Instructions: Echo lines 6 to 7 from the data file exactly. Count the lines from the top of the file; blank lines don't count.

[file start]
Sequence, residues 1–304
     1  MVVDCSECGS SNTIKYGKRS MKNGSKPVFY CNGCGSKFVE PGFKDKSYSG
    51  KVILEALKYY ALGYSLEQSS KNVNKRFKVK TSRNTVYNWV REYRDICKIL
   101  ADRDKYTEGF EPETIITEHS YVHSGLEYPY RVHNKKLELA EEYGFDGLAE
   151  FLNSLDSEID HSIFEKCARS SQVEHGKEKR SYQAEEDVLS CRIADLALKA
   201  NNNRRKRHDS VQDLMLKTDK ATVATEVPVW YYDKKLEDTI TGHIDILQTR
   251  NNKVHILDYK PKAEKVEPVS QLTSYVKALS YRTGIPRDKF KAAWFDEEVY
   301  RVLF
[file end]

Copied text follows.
   201  NNNRRKRHDS VQDLMLKTDK ATVATEVPVW YYDKKLEDTI TGHIDILQTR
   251  NNKVHILDYK PKAEKVEPVS QLTSYVKALS YRTGIPRDKF KAAWFDEEVY